One of the authors of this article came from the Dominican Republic to pursue her second bachelor’s degree. She was used to interacting with teachers who are passionate about what they are teaching and care about their students:  they knew their students’ names, created close bonds with their students and did their best to provide the necessary information and advice to help their students to thrive in their fields. Coming from a country with limited resources for education to a country that is considered to have the highest education standards, and to then hear a college professor saying on the first day of class, “I am a doctoral candidate and the program I am in requires that I teach a class. You don’t have to come in for class, you just have to come in for the exams,” made the student feel frustrated and very disappointing. One problem in the United States higher education system is that while teaching is required for most doctoral programs, Ph.D. students often have minimal training in teaching methods. Professors teach many classes for minimal pay, making it difficult for them to provide that crucial kind of attention that students often receive in the Dominican Republic.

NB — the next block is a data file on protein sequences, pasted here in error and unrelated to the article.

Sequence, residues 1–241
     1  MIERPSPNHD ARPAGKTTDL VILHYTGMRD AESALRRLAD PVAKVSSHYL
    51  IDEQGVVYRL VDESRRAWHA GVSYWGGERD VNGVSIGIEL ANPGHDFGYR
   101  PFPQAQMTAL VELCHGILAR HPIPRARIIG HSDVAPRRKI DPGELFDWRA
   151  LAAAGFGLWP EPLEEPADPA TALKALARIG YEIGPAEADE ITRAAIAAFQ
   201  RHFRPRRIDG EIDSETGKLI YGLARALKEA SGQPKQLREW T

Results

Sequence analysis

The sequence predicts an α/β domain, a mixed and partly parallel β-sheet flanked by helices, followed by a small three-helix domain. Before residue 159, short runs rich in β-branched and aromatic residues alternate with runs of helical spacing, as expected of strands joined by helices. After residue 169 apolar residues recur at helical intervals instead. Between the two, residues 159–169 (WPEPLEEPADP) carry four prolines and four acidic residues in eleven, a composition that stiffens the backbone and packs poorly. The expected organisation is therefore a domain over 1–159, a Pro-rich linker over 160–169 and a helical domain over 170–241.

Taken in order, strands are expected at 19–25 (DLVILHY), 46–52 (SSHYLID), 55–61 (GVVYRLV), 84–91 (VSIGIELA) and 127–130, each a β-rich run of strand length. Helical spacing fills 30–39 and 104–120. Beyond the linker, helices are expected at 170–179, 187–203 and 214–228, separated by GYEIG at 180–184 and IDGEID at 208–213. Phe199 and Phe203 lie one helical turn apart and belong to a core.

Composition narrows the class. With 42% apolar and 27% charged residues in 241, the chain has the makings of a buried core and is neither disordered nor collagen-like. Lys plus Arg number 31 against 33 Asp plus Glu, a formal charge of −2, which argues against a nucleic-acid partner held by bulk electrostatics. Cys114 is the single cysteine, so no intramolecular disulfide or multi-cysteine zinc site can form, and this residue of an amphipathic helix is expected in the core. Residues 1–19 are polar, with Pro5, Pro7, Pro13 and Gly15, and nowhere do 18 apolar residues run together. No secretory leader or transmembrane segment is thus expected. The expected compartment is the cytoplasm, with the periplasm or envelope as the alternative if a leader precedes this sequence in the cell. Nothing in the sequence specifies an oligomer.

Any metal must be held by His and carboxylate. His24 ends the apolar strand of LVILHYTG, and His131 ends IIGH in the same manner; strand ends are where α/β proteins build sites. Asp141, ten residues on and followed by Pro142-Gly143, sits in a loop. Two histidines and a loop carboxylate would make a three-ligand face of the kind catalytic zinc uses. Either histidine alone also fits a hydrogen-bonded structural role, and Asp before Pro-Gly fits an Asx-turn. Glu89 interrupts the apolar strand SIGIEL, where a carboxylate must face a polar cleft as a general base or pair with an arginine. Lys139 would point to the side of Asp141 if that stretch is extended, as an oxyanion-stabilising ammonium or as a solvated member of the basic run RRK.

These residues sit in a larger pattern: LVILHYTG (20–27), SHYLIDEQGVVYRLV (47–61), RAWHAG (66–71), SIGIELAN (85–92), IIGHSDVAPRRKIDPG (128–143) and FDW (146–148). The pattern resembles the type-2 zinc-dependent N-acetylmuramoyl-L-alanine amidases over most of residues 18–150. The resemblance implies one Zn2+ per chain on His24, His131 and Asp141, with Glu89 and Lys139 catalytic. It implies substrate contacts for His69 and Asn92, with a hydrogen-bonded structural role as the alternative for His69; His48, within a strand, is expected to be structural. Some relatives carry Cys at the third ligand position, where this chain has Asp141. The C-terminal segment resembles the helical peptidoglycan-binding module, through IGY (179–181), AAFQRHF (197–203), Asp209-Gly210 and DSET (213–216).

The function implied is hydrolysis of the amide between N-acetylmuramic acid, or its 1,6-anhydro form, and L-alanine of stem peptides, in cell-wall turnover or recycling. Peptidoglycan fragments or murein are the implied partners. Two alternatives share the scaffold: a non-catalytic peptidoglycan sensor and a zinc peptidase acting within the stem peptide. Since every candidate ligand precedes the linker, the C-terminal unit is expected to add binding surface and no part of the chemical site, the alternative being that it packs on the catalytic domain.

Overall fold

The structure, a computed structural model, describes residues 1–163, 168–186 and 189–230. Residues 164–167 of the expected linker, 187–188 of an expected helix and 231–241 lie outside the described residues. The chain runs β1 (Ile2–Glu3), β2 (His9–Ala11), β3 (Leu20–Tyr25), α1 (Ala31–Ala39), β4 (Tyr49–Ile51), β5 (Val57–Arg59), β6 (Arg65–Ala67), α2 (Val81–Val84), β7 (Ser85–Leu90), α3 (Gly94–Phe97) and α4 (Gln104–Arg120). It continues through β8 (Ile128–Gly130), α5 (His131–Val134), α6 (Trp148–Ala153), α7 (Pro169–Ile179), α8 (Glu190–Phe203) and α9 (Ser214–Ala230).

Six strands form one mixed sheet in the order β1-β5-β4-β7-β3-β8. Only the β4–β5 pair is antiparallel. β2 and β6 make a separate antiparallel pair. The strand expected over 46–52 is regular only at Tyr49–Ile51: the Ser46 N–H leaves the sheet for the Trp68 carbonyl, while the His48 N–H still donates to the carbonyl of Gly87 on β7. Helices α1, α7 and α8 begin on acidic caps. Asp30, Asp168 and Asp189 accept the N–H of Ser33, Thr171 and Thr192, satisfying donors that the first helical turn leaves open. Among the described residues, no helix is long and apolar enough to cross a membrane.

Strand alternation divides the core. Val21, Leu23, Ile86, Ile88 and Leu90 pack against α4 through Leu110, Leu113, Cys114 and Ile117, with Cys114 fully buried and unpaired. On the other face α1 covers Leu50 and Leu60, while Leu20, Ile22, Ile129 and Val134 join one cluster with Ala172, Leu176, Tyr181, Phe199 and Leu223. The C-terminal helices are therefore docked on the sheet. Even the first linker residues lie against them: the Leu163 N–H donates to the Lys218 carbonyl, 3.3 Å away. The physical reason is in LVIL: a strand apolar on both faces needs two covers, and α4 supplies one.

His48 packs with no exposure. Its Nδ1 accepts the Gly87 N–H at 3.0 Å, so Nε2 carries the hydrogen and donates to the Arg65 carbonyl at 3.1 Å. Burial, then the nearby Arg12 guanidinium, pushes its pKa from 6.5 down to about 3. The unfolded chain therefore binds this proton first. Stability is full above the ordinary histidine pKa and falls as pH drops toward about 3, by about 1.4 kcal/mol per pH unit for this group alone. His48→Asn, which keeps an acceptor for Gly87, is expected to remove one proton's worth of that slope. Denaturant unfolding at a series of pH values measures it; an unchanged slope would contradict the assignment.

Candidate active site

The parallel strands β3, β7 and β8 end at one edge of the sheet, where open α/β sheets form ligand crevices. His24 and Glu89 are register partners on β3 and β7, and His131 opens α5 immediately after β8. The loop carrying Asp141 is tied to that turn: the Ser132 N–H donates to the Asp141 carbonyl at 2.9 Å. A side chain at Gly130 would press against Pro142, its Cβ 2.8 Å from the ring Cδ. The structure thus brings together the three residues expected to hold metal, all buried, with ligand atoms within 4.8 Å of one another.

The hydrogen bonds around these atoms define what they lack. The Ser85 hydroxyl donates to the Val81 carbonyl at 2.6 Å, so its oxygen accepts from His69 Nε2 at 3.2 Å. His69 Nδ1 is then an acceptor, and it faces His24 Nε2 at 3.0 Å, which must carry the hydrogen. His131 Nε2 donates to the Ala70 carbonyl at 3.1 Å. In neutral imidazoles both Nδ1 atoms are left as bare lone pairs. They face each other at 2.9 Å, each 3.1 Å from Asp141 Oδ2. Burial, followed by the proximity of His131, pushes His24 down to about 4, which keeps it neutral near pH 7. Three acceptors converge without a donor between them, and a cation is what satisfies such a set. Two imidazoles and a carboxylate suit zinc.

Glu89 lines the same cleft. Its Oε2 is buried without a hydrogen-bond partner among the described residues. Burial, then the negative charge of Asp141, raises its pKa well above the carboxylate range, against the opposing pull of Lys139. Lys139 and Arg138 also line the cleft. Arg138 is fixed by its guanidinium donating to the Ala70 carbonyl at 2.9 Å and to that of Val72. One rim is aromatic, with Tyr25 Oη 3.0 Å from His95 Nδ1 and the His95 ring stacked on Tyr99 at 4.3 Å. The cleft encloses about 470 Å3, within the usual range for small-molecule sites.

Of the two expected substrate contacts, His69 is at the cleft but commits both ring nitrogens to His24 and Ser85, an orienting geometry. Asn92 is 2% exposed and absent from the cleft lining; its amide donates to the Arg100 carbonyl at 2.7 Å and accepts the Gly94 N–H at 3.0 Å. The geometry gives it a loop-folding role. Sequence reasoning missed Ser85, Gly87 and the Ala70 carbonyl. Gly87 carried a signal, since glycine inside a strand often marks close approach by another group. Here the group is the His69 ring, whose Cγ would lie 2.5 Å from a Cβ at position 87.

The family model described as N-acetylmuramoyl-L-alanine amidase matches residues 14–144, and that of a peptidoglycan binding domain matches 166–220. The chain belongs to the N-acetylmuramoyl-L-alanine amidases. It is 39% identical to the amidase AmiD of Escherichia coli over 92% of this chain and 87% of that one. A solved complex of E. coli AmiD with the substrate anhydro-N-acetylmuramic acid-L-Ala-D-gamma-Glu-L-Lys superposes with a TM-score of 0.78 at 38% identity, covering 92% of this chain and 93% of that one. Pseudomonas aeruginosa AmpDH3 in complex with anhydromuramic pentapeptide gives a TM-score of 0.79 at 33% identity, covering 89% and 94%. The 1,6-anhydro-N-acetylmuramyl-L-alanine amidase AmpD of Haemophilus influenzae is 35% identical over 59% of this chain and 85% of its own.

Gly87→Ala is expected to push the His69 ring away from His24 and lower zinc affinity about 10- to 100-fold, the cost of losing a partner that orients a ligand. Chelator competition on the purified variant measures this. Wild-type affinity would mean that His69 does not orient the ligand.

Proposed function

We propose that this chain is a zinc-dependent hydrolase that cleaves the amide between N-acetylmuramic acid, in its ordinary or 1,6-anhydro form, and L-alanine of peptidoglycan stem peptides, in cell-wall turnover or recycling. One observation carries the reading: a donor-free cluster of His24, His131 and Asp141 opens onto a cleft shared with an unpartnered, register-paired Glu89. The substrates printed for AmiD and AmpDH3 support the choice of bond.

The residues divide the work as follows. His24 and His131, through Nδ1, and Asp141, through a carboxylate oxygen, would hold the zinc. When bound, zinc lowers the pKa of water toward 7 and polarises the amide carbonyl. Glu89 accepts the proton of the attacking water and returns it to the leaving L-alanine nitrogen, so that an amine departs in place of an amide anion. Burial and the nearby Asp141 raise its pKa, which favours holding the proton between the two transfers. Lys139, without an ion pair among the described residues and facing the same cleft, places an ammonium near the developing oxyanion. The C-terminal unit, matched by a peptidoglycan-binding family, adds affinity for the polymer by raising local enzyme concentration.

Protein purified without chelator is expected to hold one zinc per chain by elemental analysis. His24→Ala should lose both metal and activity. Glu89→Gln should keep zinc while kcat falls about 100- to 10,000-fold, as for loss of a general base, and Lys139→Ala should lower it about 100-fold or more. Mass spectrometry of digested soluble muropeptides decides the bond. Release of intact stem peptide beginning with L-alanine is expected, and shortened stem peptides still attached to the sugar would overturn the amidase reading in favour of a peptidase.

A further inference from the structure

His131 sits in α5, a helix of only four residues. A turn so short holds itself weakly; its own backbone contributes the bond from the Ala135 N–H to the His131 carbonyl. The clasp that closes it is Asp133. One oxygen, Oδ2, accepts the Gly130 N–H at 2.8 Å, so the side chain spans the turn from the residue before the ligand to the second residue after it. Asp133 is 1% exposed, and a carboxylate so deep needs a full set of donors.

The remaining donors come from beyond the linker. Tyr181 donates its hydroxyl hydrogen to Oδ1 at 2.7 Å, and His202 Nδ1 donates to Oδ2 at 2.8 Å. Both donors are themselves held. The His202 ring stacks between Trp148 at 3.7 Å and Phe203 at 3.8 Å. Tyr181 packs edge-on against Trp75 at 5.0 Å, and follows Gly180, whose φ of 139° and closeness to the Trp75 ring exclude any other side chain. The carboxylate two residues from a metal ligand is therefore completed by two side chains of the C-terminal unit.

The purpose of education in the U.S. has shifted from growth to survival. People only care about what will get you a job and not necessarily what will make you more enlightened about your environment. Despite being one of the most powerful countries in the world, we are still lacking in effective methods for education. There are many educational methods across the globe that we can implement on ourselves. Active learning allows for students of all learning types to truly participate in class, and make a deeper connection with whatever is being taught. Improved attention to teacher preparation better equips professors for the multitude of learning styles they will encounter from classroom to classroom. A more personal relationship between teacher and student raises the respect and passion behind every classroom interaction. Our system is overdue for an overhaul. Educational requirements should be altered to keep students in classes where they will succeed instead of in classes that do not hold their interest. Our budget should be examined and distributed as evenly as possible amongst our educational faculty, to motivate teachers to motivate students. It is safe to say that the United States still has plenty to learn about learning.